The economics of research

I just received an email from our Graduate Research School.  I had applied for, and been approved for, funding to support my attendance at a conference in China in a few weeks.  The funding wont cover the whole trip, mainly my airfare, but it was a reasonable level of support.  I consider this conference my potential academic swan-song.

It turns out, which I probably should have known, that you cannot receive funding if you are in the examination period. This means I will not receive the support that I had expected and budgeted for.  This isn’t a criticism of the Uni/Faculty, I should have realised, by reading the fine print, that this would be the case and based my application to attend an international conference on a realistic financial picture. I have finally got the time and the content to really showcase the outcomes of my research but ironically I lose the support I had relied on to go because I’m too far into my degree (it’s 2 weeks away so I can hardly withdraw now.)

All this has me thinking about the economics of undertaking a research degree. Other than my scholarship (which covered 2.5 years of a 4 year degree) I haven’t had any financial support from the government or University. I’m very grateful for this support, don’t get me wrong. Unlike many, I did a Masters by coursework that cost under $10,000 (significantly less), but most of the courses I see know in arts management are well in excess of $30,000.  My PhD technically cost me $300 per year (UTS admin fees.) I’ve personally paid to attend two conferences prior to this, one international and one interstate. It was through those events that I managed to secure contacts here in Melbourne that lead to a research assistant gig.

During the past 4 years, however, I was not supposed to work more than 8 hours a week.  I was fortunate enough to have a casual teaching position which gave me $10,000 a year (which I worked out equated to $5 per hour given the workload) , 2-day a week part time job for 6 months that paid less than what I earned when I went to Uni the first time (and that was the early 90s) and a RA contract that I’m still working on even though the money stopped in February.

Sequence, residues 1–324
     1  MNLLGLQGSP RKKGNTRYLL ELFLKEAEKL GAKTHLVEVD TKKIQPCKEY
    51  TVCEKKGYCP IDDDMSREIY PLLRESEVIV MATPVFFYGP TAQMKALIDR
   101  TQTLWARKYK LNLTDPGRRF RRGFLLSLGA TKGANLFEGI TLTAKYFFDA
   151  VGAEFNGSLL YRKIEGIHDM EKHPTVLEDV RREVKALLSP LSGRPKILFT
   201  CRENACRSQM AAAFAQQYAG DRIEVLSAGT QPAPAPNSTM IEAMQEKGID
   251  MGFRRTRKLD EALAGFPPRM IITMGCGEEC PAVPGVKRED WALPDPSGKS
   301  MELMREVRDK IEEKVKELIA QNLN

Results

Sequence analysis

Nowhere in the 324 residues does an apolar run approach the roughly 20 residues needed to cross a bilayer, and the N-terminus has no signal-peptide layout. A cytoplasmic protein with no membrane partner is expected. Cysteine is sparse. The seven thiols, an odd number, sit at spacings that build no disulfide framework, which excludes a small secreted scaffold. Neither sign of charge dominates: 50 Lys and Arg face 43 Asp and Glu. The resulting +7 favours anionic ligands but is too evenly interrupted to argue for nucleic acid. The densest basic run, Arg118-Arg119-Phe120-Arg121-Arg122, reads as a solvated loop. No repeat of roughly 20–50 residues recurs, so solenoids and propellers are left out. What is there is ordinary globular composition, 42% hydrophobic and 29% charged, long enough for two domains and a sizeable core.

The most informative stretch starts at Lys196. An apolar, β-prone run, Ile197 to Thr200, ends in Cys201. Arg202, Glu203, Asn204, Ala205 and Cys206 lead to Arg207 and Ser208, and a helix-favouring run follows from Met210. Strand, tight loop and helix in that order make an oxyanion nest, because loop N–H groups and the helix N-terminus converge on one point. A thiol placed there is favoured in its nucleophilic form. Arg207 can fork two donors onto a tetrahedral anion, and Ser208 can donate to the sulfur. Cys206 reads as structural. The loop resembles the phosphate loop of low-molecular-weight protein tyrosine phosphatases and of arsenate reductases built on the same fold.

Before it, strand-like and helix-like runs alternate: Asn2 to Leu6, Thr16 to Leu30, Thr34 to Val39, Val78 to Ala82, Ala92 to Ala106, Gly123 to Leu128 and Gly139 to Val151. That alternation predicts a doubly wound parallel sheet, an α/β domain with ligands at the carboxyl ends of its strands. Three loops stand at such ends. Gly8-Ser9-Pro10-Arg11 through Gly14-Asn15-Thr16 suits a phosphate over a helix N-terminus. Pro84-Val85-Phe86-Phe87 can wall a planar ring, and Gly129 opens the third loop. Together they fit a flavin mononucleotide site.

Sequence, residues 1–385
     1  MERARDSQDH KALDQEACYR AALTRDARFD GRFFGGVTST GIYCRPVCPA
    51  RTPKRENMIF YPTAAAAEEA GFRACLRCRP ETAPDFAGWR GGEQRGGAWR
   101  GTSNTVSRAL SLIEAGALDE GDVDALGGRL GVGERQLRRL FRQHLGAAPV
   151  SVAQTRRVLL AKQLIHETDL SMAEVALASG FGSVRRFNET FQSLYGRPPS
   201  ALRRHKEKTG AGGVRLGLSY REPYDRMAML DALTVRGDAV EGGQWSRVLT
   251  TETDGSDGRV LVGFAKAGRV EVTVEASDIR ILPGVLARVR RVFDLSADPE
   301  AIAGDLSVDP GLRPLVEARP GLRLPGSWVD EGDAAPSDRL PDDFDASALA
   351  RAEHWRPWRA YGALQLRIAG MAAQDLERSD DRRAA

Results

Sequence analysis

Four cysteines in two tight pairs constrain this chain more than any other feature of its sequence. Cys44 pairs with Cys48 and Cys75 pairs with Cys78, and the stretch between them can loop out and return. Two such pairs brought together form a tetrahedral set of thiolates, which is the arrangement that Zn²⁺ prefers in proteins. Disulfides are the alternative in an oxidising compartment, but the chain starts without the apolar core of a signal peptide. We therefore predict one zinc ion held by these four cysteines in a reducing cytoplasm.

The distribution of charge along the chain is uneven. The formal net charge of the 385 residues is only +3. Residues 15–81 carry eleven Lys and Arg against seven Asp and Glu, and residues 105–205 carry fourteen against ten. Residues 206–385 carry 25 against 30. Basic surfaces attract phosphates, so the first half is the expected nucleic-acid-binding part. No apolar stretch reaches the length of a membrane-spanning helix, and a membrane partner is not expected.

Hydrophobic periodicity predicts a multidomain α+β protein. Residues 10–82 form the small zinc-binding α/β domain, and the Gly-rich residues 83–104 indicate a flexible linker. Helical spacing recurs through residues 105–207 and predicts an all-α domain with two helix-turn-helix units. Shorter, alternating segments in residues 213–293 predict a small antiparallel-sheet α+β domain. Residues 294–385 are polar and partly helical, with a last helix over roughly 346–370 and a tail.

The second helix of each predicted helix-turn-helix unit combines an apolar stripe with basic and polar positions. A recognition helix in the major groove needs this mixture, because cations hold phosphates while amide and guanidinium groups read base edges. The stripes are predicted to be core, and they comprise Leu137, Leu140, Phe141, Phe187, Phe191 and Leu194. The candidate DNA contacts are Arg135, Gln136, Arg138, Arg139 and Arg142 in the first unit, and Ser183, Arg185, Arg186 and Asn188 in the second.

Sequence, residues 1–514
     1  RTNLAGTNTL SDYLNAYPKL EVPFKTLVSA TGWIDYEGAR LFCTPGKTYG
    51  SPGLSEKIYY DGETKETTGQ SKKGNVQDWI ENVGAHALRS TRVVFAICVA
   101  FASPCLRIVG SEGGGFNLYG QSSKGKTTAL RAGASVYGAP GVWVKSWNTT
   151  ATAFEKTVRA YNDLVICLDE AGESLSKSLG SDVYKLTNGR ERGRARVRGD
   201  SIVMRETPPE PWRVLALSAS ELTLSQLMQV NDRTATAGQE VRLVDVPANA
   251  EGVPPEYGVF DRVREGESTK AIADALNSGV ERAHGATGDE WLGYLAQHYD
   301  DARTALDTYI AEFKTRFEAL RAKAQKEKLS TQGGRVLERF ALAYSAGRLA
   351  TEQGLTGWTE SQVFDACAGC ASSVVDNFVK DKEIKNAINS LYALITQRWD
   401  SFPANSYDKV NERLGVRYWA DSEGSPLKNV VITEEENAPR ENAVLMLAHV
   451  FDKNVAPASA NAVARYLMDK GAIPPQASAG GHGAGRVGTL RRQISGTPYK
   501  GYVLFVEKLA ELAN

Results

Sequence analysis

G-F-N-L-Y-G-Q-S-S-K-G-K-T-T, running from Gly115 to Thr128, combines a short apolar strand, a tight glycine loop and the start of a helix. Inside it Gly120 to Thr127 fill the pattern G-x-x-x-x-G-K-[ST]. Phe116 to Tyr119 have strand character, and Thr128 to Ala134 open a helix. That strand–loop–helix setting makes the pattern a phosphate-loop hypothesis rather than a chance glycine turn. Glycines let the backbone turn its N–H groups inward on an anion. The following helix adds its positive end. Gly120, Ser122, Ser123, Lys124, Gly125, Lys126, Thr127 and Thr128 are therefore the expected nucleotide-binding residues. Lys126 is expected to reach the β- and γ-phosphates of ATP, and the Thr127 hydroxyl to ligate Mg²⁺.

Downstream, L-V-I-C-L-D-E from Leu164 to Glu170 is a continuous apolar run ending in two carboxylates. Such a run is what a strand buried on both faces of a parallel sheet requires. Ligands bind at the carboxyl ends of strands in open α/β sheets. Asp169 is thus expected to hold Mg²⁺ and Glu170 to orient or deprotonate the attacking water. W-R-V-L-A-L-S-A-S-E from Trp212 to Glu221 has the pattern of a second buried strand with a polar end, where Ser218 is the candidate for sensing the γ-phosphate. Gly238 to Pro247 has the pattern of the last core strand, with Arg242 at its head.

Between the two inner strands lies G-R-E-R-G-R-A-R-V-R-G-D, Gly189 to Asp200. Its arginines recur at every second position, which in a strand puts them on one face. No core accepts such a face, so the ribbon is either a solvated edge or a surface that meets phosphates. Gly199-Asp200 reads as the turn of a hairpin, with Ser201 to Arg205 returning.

Yet I’m in a very fortunate position.  I’ve had a secure career outside the arts/academia for a number of years and this has provided me with a buffer.  I’m also married to someone who works a corporate job. We are very privileged.  It is that privilege that has allowed me to spend 4 years doing this.

But now that my PhD is almost over (let’s not discuss results and revisions as I’m currently in a state of peak anxiety) I’m contemplating my future – vocationally, academically and financially.  The Uni that I have been engaged with here in Melbourne has expressed the idea I should apply for a post-doc.  Leaving aside the question as to whether this is something I want to do (and I’m not sure I do), it means I need to spend at least 12 months attempting to get solid publications out of my thesis in the hope I can then obtain a grant for a post-doc place.  That’s 12 months of work with no salary or wage of any kind and no guarantee of a job at the end of it. I’m not academically strong, I’ve worked damn hard to get this far, but I don’t see myself as having the stamina to aim for an academic career long term.

To build an academic career you need to publish.  You need to go to conferences.  You need to work outside your PhD (unless independently wealthy).  But even for someone as secure as myself this is a huge financial ask. For those who do not come from the same social-economic background as myself it is basically untenable (and I know the people in my cohort, so I know how narrow the economic background is.)

Being in the arts makes this even more challenging.  In this excellent article Becca Varcoe discusses the privilege of “doing what you love” and the impact economics has on the make up of arts organisations.  I know that gaining a PhD  in the arts has probably decreased my earning potential, not opened the door to a whole new career like it might if I’d been in business or technology. But at the same time the arts has to STOP EMPLOYING PEOPLE LIKE ME as the last thing it needs it another middle-class, white, middle-aged, Gorman wearing, statement jewellery buying person with a higher degree.

The system is just wrong. And the impact it has is broad.  Not only does academia suffer, students suffer for lack of good teachers, the arts suffers as it doesn’t reflect the community in which it operates, those in the system suffer economically and, increasingly, psychologically.

I don’t have the answers, other than to stop cutting higher education and a complete economic overhaul to reduce precarity of employment (a strong creative sector union option for those not in secure employment would be nice.)

I’ll just go back to writing my journal article that one day might secure me a job…..

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